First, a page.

TypeScript Enums Made Simple

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Omari Thompson-Edwards
Wed Feb 21 2024 4 min

Welcome to the world of TypeScript Enums. In this concise guide, we'll unravel the magic behind Enums, exploring how they can transform your TypeScript projects, making your code more readable and your development journey more enjoyable. Whether you're a seasoned developer or just starting, let's embark on a journey to demystify and harness the power of TypeScript Enums together."

What are enums?

Enums provide a structured way to define a set of named constants. They're particularly useful for scenarios where you need to represent a finite set of related values or options. You'll run into enums in a lot of programming languages, but here's what they look like in TypeScript. 

Numeric Enums.

Numeric enums are probably what you're used to if you're coming from another programming language. Very simply - each key represents a number.  TypeScript enums are auto-incrementing, so if you don't provide any values, the first key begins at 0, and increments by 1 each time.

We define our enum using the "enum" keyword, followed by the name of the enum, and the keys.

enum Direction {

console.log(Direction.North); //0
console.log(Direction.East); //1
console.log(Direction.South); //2
console.log(Direction.West); //3

If you provide a value to the first key in your enum it will act as an offset, letting you start off the incrementing from another value.

enum ClientErrorCode {
    BadRequest = 400,
    Unauthorized, //401
    PaymentRequired, //402
    Forbidden, //403
    NotFound, //404

Any keys without values will simply auto-increment from the value before:

enum ClientErrorCode {
    BadRequest = 400,
    Unauthorized, //401
    //Skipping PaymentRequired, 402,
    Forbidden = 403, //403
    NotFound, //404

String Enums.

The second type of enums are string enums. Like the name implies, they're identical to numeric enums, except the values are strings.

They can be handy for something like grouping together error messages:

enum ErrorMessage {
    UserNotFound = 'The user you are attempting to retrieve cannot be found.',
    UserPrivate = 'The user you are attempting to retrieve is private.',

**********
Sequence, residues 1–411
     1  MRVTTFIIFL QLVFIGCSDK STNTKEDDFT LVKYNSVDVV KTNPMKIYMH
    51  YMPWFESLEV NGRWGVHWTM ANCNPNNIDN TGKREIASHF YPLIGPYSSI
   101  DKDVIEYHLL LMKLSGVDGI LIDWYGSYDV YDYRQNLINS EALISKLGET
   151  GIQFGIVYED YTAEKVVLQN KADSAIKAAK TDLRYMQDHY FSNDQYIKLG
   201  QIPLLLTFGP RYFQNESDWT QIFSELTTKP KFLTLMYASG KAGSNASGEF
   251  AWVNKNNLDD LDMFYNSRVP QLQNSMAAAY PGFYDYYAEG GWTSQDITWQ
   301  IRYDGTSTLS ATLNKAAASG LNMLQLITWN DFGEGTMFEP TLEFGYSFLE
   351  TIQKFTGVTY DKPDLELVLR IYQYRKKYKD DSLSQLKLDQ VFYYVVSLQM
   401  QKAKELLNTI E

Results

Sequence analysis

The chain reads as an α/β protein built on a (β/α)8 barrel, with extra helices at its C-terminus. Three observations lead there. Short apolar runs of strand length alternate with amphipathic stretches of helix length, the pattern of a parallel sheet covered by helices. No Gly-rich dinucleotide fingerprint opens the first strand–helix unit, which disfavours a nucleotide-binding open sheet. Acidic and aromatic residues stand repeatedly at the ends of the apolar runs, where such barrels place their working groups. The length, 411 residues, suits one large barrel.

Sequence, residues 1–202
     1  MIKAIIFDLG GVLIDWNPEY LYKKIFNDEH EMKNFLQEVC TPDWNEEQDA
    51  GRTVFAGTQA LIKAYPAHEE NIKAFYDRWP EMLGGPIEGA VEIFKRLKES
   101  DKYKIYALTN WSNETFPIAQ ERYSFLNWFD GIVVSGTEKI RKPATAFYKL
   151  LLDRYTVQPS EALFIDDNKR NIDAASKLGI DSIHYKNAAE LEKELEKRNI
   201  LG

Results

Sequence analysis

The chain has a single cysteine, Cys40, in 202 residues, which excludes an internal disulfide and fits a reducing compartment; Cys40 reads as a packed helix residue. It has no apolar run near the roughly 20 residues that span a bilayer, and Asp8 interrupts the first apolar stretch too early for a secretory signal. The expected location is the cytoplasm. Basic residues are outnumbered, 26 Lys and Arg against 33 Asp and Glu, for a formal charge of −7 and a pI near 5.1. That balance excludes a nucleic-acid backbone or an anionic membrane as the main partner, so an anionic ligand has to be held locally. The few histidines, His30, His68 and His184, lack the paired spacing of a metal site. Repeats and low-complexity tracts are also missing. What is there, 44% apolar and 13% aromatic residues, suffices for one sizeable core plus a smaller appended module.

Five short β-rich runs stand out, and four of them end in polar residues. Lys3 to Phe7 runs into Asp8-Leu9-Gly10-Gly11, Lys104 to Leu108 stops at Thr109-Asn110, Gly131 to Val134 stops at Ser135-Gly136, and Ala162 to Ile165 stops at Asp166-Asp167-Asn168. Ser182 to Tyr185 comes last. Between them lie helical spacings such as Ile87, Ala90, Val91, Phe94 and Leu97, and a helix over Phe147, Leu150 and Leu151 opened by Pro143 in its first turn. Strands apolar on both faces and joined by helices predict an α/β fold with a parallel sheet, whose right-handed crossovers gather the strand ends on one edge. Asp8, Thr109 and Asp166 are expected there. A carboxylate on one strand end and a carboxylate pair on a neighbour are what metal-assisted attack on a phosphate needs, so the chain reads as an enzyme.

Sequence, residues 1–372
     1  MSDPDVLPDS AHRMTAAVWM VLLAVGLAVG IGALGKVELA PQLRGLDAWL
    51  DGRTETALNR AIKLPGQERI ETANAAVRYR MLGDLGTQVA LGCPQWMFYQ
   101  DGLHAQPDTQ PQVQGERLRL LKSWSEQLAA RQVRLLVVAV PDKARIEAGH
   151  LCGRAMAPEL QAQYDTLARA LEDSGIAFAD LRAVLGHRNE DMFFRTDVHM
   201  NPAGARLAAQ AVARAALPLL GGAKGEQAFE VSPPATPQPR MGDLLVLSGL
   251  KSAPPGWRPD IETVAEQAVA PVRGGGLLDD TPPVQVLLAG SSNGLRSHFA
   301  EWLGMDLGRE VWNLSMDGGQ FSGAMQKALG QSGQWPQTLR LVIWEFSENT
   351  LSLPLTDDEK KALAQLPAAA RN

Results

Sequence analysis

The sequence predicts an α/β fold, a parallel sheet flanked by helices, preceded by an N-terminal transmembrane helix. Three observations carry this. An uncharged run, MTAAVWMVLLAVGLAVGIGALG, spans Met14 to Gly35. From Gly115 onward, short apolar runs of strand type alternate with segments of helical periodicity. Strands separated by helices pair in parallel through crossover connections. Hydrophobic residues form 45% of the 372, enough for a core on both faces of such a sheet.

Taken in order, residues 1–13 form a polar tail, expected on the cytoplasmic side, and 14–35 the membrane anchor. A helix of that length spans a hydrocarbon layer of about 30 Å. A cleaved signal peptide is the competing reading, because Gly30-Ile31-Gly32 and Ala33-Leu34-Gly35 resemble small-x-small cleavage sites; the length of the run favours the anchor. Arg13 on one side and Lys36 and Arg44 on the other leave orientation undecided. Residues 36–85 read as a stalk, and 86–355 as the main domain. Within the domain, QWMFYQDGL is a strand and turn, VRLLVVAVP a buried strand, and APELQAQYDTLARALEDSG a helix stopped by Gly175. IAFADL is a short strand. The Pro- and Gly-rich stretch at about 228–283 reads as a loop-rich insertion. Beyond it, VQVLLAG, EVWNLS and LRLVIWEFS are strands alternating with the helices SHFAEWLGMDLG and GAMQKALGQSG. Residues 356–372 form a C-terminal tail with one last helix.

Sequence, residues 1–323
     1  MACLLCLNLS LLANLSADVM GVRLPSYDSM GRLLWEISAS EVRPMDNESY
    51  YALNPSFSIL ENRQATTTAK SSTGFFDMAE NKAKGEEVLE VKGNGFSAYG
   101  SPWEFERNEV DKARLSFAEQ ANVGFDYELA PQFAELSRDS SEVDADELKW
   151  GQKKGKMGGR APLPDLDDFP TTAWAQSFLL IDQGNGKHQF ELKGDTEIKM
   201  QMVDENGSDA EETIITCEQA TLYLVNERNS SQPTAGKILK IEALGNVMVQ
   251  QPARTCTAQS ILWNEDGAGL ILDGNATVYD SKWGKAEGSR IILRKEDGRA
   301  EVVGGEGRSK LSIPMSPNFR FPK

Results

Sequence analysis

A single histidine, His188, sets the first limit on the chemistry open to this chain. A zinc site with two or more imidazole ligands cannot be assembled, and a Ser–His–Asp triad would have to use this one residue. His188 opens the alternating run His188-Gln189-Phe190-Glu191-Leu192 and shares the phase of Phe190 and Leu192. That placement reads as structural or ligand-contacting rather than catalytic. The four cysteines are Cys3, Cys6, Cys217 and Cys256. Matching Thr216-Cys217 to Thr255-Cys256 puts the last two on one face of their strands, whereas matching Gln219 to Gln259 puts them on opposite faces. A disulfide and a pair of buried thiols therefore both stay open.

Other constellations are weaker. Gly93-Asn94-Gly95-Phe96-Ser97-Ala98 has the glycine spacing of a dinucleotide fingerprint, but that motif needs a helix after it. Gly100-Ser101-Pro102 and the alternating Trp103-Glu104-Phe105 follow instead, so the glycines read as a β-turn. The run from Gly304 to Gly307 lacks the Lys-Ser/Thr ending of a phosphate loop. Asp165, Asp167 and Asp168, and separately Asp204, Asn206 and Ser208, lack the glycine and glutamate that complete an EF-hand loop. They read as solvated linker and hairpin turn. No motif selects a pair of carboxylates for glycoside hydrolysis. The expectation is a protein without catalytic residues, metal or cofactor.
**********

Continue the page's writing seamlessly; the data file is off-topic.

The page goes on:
NotAdmin = 'You do not have the correct permissions to retrieve this user.',

They don't have auto-incrementing - you can imagine auto-incrementing a string wouldn't make much sense. The main benefit is that a string is a more readable value than a number, especially at runtime when the TypeScript aspect is gone.

Heterogeneous Enums.

TypeScript also lets you combine numeric and string enums into heterogenous enums:

enum Falsy {
    String = 'false',
    Number = 0,

 I've never found a valid use case for them, but they're one tool available at your disposal.

Computed vs Constant Members.

Enums can have computed and constant values. Enum values are considered constant if:

  • It's the first member in the enum and has no initialiser
  • It doesn't have an initialiser, and the preceding enum member was a numeric constant
  • The enum member is initialized with a constant enum expression. 
  • A constant enum expression is a subset of TypeScript expressions that can be fully evaluated at compile time. 
  • An expression is a constant enum expression if it is
    • A string or numeric literal
    • A reference to another constant enum member (even a different enum)
    • A parenthesized constant enum expression
    • one of the +, -, ~ unary operators applied to constant enum expression
    • +, -, *, /, %, <<, >>, >>>, &, |, ^ binary operators with constant enum expressions as operands

In all other cases, enum members are considered computed.

So this means all of these are constant:

enum ConstantMembers {
    Third = 3,
    Fourth = Direction.North,
    Fifth = +1,
    Sixth = 2 + 2,

And all of these are computed:

enum ComputedMembers {
    First = getZero(),
    Second = foo.length,
    Third = "foo".charAt(0)

Why the hate for enums?

If you search for TypeScript enums, you'll see they get a lot of hate. Let's take a look at the reasons why.

Firstly, enums are the only part of TypeScript that is not a native JS feature. In the rest of TypeScript, you can simply strip away types and it will be JavaScript that's left, but that isn't true for enums.  As a result of this, enums result in some additional code generated at compile time:

enum Direction {

Here's the build output for that enum:

var Direction;
(function (Direction) {
    Direction[Direction["Up"] = 0] = "Up";
    Direction[Direction["Right"] = 1] = "Right";
    Direction[Direction["Down"] = 2] = "Down";
    Direction[Direction["Left"] = 3] = "Left";
})(Direction || (Direction = {}));

A little messy, we have an object contained inside an IIFE. Whether this additional code is worth it is up to you.

Another reason is that before TypeScript 5.0, enums were not as type-safe as the alternatives. Since TypeScript 5.0, enums are now union enums, which means TS will now create a unique type for each computed member, regardless of what type of enum it is.


Thanks for reading! I hope this article was a useful, comprehensive guide to enums in TypeScript. If you liked this article, feel free to share it!

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Hey, I'm Omari 👋

I'm a full-stack developer from the UK. I'm currently looking for graduate and freelance software engineering roles, so if you liked this article, feel free to reach out.